Too many believers think that they will have joy only by praying and singing. But these are expressions of joy rather than the exclusive way to joy. If we trust God completely, and fill our lives with the simple and lovely things of God’s creation, we will know joy. The promise is absolute. If we trust God completely, and fill our lives with the simple and lovely things of God’s creation, we will know joy. Followers of Christ should be the most free, the most alive,the most interesting, and the most stimulating of men and women This is why praise is a sacrifice, and why worship is service. Our will is deeply involved in gospel obedience, in trusting God completely, and in setting our minds on noble, lovely things. It is a consciously chosen way of thinking and doing – but it is not a way of self-effort. When we respond to the Father’s gracious initiative with faith, his healing reaches into the inner recesses of our lives to develop our faith and strengthen our trust – joy in-and-from the Lord is the inevitable result.
Expressions of rejoicing
Jesus rejoiced so fully in life that the religious leaders of his day accused him of being a glutton and a drunkard. Sadly, there have always been people in the Church who are more concerned with what they call ‘reverence’ than with what the Bible calls rejoicing. The ‘careless’ followers of Christ should be the most free, the most alive, the most interesting, and the most stimulating of men and women. Rejoicing adds festivity to our serving to make us truly complete people who really are living in the image of our rejoicing, foot-washing God. The Old Testament people of God praised him with music and hymns, with shouts and dancing, with choirs and prophetic songs, with festivals and celebrations, with giving and hospitality, in the temple and the family home.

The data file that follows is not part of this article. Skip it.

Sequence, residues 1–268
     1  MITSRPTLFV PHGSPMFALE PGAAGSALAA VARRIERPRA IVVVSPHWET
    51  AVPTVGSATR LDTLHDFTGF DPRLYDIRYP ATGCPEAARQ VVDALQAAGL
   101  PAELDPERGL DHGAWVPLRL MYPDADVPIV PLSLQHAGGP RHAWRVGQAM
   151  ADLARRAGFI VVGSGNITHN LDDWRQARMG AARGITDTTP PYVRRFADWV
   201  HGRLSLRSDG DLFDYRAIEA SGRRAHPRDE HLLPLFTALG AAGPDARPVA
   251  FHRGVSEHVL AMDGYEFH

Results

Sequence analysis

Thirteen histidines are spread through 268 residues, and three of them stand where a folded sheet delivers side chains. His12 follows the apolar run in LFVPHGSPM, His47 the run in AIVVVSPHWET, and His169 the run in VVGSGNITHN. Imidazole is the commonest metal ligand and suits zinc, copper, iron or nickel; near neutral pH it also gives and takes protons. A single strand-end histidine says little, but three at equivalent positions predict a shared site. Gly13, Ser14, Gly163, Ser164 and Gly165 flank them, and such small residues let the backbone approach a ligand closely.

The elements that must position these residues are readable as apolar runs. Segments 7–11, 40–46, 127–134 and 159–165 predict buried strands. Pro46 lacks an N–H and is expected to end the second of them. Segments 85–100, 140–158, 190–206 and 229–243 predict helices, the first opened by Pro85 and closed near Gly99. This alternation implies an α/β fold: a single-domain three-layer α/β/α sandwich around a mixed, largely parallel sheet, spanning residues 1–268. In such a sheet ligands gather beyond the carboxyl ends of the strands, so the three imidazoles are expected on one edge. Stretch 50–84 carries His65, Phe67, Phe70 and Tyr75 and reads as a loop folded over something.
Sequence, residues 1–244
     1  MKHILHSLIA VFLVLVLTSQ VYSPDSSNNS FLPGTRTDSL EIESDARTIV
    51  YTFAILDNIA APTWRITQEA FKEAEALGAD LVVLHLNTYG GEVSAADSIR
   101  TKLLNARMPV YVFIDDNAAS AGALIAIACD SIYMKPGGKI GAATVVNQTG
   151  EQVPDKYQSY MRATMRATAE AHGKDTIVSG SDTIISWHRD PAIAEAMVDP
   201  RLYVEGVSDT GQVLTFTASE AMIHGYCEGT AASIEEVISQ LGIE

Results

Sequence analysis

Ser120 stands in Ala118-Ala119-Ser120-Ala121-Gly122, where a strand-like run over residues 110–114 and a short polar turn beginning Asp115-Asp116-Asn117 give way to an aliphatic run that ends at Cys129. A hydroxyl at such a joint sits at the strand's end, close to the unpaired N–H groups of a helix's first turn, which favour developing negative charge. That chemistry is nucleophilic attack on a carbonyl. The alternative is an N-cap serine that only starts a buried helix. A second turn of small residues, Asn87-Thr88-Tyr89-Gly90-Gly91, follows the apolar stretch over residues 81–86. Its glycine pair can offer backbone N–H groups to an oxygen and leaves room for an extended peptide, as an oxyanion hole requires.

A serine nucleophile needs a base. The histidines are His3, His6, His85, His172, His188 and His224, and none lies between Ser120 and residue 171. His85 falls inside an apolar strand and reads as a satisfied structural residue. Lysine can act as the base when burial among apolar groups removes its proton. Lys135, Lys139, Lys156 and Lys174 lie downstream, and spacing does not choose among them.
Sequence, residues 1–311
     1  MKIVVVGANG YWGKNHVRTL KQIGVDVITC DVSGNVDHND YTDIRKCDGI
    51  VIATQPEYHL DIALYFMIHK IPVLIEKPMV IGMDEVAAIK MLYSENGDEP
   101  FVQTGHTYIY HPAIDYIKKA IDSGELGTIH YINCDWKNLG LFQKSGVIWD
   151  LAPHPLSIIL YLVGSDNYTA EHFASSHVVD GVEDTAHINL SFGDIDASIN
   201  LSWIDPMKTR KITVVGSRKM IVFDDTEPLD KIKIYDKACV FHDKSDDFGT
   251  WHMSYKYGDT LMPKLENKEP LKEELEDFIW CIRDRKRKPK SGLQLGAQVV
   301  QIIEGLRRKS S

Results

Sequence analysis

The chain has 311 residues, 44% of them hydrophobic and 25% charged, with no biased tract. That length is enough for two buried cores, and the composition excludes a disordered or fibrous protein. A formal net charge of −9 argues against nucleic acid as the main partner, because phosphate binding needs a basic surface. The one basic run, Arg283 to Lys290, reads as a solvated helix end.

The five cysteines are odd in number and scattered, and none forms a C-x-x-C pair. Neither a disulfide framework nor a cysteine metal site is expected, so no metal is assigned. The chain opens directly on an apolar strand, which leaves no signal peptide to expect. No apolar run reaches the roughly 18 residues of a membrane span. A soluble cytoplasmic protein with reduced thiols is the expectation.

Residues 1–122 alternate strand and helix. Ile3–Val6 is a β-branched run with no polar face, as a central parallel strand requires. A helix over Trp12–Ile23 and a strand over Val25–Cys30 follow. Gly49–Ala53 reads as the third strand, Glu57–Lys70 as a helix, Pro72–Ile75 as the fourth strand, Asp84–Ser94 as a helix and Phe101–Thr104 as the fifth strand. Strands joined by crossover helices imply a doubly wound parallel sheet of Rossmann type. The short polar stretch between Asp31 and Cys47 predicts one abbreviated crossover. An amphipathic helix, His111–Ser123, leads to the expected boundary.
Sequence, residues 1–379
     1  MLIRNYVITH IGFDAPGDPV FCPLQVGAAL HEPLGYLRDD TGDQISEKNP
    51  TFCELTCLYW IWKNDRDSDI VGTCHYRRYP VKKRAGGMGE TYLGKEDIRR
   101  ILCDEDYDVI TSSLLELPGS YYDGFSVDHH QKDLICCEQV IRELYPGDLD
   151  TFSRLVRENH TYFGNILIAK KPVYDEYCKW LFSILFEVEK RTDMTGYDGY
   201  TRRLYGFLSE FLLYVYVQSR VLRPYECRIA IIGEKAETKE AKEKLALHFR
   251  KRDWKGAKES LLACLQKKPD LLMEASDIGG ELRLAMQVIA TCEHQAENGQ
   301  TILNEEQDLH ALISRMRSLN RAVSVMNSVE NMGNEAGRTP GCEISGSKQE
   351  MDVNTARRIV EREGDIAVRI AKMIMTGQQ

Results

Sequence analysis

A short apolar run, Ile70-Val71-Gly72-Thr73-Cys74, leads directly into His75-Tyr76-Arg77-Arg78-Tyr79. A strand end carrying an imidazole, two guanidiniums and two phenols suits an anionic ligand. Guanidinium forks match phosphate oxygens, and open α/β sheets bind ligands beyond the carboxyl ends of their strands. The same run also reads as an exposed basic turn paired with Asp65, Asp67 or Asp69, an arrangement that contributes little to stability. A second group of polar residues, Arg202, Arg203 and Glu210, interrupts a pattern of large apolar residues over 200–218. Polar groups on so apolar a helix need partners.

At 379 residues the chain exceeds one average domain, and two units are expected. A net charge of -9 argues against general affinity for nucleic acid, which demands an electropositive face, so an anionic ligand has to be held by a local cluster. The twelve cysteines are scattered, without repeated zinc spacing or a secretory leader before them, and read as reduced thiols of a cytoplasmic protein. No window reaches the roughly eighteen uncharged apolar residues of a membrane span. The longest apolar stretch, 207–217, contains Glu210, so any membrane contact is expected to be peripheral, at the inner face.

We have much to learn from the rich variety of their praise. But we must recognise that these are examples of rejoicing rather than biblically required forms. We need to learn, like Peter in Acts 10, that nothing which comes from the gracious hand of God is unclean; and we need to realise that we are free to celebrate the grace and goodness of God with every type of art and handiwork, with every aspect of our being, and in ways which are particularly relevant to our own age and culture.
The joy of the Lord is our strength, and celebratory events seem to provide us with a boost which enables us to persevere through the more mundane periods of the year. This is God’s pattern of life, for he has created a world full of seasons, with times of warmth and cold, dormancy and growth, blossom and harvest, night and day, and so on.
Rejoicing in the Lord gives us the strength to serve others, it provides us with the inspiration to worship him in the ordinary detail of our lives, and it equips us with the joy to give generously to the needy and to God’s work.
Rejoicing in the Lord gives us the strength to serve others and equips us for God’s work When we start to fill our lives with godly service, godly giving and godly rejoicing, we will be people who are beginning to be the worshippers whom the Father is seeking – we will be worshipping him in spirit and truth.